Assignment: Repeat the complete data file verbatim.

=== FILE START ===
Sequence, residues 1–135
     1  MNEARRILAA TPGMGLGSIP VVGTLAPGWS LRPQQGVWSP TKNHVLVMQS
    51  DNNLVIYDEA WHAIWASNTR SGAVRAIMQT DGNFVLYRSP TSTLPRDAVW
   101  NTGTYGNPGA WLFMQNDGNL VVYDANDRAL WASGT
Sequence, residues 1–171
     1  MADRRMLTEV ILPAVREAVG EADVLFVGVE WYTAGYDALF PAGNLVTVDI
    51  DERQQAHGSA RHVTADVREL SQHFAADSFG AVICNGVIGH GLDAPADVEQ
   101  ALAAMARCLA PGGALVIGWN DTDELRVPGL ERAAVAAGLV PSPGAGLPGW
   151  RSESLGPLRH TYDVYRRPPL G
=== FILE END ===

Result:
Sequence, residues 1–135
     1  MNEARRILAA TPGMGLGSIP VVGTLAPGWS LRPQQGVWSP TKNHVLVMQS
    51  DNNLVIYDEA WHAIWASNTR SGAVRAIMQT DGNFVLYRSP TSTLPRDAVW
   101  NTGTYGNPGA WLFMQNDGNL VVYDANDRAL WASGT
Sequence, residues 1–171
     1  MADRRMLTEV ILPAVREAVG EADVLFVGVE WYTAGYDALF PAGNLVTVDI
    51  DERQQAHGSA RHVTADVREL SQHFAADSFG AVICNGVIGH GLDAPADVEQ
   101  ALAAMARCLA PGGALVIGWN DTDELRVPGL ERAAVAAGLV PSPGAGLPGW
   151  RSESLGPLRH TYDVYRRPPL G